After the past week of sunshine, Squamish gardens are bursting out all over. Veggie growers are probably experiencing a flush of produce in the garden and enjoying every bite. We’ve harvested beets, broccoli, shallots, rhubarb, lettuce, chard, kale and scallions, all out of our little raised bed.
I made the mistake of planting some summer squash plants in our cold and dreary May. They don’t look so hot at the moment, but I live in hope they might flower soon and put on a dramatic push to produce fruit later in the season.
Planting early is something to remember when we are itching to put in those warm-season crops earlier in the season. Yes, all the guidebooks say to plant by mid-May. But heat-loving veggies really won’t do well in cold and wet soil. The cold nighttime temperatures can actually set back the fruit production. So the early bird doesn’t always get the worm.
Shallots were new for us this year and we have a banner crop. Like onions, you can eat shallots fresh, or save them for storage. When the tops have fallen over naturally, lift the individual bulbs to break the roots. Leave on the ground (on a sunny day ), or in a dry place until the skins rustle before storing for them winter use. So far we have just been sauntering down to the garden to pull out a shallot when we need one for a salad, etc.
It is wonderful to relish in our early-summer bounty, but August in the vegetable garden is not a time to rest on one’s laurels. Certain crops can continue to be sown and now is the perfect time to think about winter gardening.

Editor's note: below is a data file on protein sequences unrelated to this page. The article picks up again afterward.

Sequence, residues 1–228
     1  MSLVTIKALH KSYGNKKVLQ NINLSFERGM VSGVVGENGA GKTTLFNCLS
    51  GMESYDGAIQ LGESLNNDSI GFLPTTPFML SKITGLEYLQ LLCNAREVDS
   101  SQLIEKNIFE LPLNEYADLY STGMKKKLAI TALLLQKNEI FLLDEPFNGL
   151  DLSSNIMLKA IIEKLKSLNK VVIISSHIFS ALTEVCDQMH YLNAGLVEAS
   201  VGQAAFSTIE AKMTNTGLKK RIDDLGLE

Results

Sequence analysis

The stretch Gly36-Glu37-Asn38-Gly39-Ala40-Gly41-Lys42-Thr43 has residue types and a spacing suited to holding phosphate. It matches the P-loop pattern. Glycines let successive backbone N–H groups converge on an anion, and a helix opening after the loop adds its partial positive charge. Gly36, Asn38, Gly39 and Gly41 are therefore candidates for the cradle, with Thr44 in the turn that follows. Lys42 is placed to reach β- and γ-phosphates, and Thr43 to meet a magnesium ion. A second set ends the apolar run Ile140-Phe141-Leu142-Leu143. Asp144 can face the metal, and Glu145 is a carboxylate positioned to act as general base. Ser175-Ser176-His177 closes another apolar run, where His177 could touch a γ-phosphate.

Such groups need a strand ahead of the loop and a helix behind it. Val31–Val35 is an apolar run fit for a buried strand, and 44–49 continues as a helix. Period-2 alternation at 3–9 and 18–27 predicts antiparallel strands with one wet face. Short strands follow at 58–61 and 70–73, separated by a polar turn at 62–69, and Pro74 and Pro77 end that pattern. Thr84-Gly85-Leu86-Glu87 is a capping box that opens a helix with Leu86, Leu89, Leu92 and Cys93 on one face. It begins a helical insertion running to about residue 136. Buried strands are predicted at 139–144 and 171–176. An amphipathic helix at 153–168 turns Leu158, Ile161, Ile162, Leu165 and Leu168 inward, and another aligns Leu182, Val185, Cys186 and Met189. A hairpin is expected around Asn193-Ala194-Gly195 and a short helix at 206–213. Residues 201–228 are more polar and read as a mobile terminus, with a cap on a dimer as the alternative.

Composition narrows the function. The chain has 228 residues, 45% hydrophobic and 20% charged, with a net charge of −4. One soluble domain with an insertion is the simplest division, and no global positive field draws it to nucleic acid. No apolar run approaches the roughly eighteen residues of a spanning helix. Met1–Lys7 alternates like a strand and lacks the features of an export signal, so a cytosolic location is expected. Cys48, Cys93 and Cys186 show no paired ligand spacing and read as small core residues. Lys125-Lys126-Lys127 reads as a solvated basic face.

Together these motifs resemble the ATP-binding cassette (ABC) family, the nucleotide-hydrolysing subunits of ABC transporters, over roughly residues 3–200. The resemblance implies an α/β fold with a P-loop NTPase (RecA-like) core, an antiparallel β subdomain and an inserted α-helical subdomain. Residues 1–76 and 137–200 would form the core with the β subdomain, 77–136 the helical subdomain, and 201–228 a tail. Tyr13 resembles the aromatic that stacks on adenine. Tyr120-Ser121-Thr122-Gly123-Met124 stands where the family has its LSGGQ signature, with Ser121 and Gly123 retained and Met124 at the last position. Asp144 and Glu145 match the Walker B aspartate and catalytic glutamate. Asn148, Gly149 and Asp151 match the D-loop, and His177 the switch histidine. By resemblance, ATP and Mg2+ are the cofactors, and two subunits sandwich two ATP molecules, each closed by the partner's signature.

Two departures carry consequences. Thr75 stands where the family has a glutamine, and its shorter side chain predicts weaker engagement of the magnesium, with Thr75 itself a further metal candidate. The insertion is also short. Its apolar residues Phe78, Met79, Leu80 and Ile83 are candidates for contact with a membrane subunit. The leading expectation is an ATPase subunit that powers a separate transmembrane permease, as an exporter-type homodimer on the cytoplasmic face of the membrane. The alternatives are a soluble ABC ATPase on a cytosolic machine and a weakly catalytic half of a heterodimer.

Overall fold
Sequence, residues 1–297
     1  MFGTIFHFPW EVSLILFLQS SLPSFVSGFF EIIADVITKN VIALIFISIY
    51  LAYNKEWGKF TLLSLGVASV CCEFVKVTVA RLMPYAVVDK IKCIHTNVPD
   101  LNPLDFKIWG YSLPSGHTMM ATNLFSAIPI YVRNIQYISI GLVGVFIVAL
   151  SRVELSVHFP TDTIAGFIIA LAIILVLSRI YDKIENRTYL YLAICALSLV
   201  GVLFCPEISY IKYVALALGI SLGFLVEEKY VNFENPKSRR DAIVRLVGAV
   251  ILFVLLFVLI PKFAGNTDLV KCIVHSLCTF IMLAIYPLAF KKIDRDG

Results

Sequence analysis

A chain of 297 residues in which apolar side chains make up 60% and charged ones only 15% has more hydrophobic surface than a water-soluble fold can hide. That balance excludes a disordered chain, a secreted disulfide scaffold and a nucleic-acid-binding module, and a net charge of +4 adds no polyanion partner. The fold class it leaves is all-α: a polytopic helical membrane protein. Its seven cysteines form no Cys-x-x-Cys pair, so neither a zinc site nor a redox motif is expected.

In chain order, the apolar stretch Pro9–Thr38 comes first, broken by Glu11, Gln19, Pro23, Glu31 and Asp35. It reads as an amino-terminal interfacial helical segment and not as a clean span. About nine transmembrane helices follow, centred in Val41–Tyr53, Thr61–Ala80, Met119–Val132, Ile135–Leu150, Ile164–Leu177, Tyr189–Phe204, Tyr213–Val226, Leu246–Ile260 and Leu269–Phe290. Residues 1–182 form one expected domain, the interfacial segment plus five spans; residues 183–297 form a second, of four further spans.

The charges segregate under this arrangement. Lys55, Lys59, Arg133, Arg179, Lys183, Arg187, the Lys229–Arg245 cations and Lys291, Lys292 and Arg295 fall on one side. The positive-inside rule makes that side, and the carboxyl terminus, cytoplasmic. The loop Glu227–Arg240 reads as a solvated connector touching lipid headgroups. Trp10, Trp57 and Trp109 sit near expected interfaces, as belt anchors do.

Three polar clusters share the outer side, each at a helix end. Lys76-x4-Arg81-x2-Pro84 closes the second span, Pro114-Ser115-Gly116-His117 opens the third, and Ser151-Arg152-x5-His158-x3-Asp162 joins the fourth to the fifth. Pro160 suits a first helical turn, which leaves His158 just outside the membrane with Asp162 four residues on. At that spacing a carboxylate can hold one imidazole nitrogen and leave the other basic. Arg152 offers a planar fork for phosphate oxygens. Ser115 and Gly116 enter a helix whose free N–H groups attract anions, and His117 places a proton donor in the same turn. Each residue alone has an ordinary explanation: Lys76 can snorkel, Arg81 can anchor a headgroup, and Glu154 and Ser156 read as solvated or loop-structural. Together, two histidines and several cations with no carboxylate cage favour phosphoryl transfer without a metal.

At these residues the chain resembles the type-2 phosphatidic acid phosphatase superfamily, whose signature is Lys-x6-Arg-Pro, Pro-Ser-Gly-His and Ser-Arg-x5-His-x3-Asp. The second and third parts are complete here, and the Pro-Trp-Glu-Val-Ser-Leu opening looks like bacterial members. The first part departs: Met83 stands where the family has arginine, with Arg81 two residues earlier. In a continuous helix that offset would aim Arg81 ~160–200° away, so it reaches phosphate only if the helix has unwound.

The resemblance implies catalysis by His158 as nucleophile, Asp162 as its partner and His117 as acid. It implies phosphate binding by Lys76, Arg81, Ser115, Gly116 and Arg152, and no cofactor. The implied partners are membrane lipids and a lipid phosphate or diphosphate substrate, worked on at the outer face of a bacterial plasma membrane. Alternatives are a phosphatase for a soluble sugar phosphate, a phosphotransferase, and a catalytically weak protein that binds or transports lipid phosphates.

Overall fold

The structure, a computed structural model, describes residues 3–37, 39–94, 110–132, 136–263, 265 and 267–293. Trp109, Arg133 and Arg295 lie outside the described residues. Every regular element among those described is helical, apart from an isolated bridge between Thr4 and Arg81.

First, lets clear up the confusion about “winter gardening” (which is summer planting for a winter harvest) and “ overwintering” (which is basically summer planting for a spring harvest).
In our relatively mild coastal climate, we can grow some of our favourite veggies throughout the winter (sometimes you will need to provide protection). These are plants we can eat throughout the winter and which need to be planted in August. This, my friends, is “winter gardening.”
Try planting seeds like kale, Swiss chard, radicchio, radish, lettuce, spinach and corn salad this month. There are special overwintering seed varieties available from West Coast Seeds, which you can find here in Squamish. I just planted some late-season carrots and peas.
The greatest challenges to winter gardening are too much rain, low light and fluctuating temperatures.
Overwintering is different from winter gardening. Basically you are starting plants that are put into the garden as transplants in late summer. The established plants are like teenagers, waiting for the longer days of spring to finish growing.
Vegetables like broccoli and cauliflower are great for winter gardening, but you have to have thought ahead and be ready to put in small transplants by the middle of this month. They grow slowly throughout the winter and finish growing and are ready for harvest in early spring.
Keep on enjoying your summer vegetable bounty, but stretch yourself this season and keep the harvest going throughout the winter.